Using global variables in a function
How can I create or use a global variable in a function?
If I create a global variable in one function, how can I use that global variable in another function? Do I need to store the global variable in a local variable of the function which needs its access?
You can use a global variable within other functions by declaring it as
global within each function that assigns a value to it:
globvar = 0 def set_globvar_to_one(): global globvar # Needed to modify global copy of globvar globvar = 1 def print_globvar(): print(globvar) # No need for global declaration to read value of globvar set_globvar_to_one() print_globvar() # Prints 1
I imagine the reason for it is that, since global variables are so dangerous, Python wants to make sure that you really know that's what you're playing with by explicitly requiring the
See other answers if you want to share a global variable across modules.
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If I'm understanding your situation correctly, what you're seeing is the result of how Python handles local (function) and global (module) namespaces.
Say you've got a module like this:
# sample.py myGlobal = 5 def func1(): myGlobal = 42 def func2(): print myGlobal func1() func2()
You might expecting this to print 42, but instead it prints 5. As has already been mentioned, if you add a '
global' declaration to
func2() will print 42.
def func1(): global myGlobal myGlobal = 42
What's going on here is that Python assumes that any name that is assigned to, anywhere within a function, is local to that function unless explicitly told otherwise. If it is only reading from a name, and the name doesn't exist locally, it will try to look up the name in any containing scopes (e.g. the module's global scope).
When you assign 42 to the name
myGlobal, therefore, Python creates a local variable that shadows the global variable of the same name. That local goes out of scope and is garbage-collected when
func1() returns; meanwhile,
func2() can never see anything other than the (unmodified) global name. Note that this namespace decision happens at compile time, not at runtime -- if you were to read the value of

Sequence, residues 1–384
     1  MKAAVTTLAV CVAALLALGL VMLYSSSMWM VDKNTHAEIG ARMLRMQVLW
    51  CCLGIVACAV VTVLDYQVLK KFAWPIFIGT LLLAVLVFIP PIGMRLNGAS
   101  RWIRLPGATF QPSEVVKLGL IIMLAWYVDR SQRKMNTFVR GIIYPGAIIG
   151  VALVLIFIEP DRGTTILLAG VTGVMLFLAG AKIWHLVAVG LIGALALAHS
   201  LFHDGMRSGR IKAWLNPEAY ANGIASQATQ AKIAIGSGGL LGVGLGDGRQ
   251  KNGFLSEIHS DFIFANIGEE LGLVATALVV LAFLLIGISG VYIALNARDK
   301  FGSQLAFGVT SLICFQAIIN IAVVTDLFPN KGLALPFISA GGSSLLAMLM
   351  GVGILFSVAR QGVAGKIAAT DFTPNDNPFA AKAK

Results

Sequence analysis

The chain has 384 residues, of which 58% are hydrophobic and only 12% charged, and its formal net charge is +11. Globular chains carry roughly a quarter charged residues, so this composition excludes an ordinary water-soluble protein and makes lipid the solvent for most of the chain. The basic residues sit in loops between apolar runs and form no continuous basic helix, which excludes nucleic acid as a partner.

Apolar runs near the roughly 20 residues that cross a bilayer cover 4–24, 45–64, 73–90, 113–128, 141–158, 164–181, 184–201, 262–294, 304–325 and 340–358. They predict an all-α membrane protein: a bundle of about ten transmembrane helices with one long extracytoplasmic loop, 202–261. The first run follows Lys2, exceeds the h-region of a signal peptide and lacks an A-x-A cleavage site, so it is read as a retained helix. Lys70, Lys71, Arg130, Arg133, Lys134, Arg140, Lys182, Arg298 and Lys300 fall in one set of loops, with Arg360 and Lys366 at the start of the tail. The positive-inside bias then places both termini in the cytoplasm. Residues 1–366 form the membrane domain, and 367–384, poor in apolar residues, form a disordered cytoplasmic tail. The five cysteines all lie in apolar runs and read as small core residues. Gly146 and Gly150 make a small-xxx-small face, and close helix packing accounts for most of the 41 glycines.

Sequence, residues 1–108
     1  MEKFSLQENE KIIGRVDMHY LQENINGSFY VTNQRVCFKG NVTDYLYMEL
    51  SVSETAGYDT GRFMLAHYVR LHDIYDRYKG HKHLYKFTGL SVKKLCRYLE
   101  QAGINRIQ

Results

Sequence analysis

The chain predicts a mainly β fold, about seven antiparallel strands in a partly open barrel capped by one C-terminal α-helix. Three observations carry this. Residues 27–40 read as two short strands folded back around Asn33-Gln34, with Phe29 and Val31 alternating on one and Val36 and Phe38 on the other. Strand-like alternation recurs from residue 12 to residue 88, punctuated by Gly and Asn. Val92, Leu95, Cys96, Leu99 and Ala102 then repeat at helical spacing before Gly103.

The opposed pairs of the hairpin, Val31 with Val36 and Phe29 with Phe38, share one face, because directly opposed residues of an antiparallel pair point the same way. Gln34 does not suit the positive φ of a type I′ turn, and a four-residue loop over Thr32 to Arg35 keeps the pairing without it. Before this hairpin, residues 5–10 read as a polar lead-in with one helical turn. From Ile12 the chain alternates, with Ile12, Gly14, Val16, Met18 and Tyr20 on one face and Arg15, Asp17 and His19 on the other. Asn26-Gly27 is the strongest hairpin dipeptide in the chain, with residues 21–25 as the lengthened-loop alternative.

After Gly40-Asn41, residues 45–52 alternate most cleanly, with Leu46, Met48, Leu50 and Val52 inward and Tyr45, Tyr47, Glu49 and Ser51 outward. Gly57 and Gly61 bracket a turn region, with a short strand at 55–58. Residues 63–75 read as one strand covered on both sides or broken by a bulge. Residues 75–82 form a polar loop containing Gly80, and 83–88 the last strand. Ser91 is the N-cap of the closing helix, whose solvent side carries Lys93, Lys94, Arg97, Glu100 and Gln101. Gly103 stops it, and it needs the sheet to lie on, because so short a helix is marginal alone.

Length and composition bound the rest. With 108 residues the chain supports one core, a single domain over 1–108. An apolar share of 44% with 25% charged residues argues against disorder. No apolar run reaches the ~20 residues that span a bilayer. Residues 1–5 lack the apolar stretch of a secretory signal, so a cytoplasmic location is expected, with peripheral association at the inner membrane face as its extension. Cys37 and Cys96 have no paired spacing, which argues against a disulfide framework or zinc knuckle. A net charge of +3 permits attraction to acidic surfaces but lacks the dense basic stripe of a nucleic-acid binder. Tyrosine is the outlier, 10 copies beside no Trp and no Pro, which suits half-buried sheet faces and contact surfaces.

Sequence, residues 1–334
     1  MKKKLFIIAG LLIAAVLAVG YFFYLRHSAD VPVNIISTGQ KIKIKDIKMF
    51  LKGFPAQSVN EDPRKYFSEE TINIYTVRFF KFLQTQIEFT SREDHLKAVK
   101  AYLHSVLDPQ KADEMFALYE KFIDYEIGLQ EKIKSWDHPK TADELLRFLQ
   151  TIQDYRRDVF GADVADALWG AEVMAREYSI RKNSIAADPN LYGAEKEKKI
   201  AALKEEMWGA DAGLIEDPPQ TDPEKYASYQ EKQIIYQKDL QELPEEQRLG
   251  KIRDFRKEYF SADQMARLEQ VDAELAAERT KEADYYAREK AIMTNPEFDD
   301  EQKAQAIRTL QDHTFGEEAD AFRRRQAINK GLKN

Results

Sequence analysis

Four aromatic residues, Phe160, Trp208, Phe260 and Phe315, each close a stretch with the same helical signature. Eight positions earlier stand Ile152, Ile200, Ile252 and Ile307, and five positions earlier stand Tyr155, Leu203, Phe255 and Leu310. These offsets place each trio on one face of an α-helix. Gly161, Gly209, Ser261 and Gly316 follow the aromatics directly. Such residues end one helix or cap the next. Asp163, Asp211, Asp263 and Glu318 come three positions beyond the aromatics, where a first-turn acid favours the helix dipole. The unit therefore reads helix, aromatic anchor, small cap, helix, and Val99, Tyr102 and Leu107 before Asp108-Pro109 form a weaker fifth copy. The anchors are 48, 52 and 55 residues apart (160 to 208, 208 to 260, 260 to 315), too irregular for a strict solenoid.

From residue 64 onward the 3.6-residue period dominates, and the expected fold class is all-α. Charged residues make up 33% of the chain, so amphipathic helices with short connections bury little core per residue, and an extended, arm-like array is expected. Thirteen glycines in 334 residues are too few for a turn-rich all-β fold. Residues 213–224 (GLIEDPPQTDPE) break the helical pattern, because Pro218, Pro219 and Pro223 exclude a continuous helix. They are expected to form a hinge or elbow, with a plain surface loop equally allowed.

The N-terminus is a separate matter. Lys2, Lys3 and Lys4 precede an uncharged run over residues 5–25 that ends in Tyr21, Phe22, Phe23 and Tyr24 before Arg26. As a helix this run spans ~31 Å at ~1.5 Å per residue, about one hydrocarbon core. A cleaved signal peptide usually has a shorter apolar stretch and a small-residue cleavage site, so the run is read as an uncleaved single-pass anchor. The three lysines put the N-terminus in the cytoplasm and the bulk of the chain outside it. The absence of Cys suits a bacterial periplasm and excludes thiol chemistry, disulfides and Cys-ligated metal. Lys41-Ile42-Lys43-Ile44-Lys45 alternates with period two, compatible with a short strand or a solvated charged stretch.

func1() before you assign to it, you'd get an
UnboundLocalError, because Python has already decided that it must be a local variable but it has not had any value associated with it yet. But by using the '
global' statement, you tell Python that it should look elsewhere for the name instead of assigning to it locally.
(I believe that this behavior originated largely through an optimization of local namespaces -- without this behavior, Python's VM would need to perform at least three name lookups each time a new name is assigned to inside a function (to ensure that the name didn't already exist at module/builtin level), which would significantly slow down a very common operation.)
Each module has its own private symbol table, which is used as the global symbol table by all functions defined in the module. Thus, the author of a module can use global variables in the module without worrying about accidental clashes with a user’s global variables. On the other hand, if you know what you are doing you can touch a module’s global variables with the same notation used to refer to its functions,
A specific use of global-in-a-module is described here - How do I share global variables across modules?, and for completeness the contents are shared here:
The canonical way to share information across modules within a single program is to create a special configuration module (often called config or cfg). Just import the configuration module in all modules of your application; the module then becomes available as a global name. Because there is only one instance of each module, any changes made to the module object get reflected everywhere. For example:
x = 0 # Default value of the 'x' configuration setting
import config config.x = 1
import config import mod print config.x
Python uses a simple heuristic to decide which scope it should load a variable from, between local and global. If a variable name appears on the left hand side of an assignment, but is not declared global, it is assumed to be local. If it does not appear on the left hand side of an assignment, it is assumed to be global.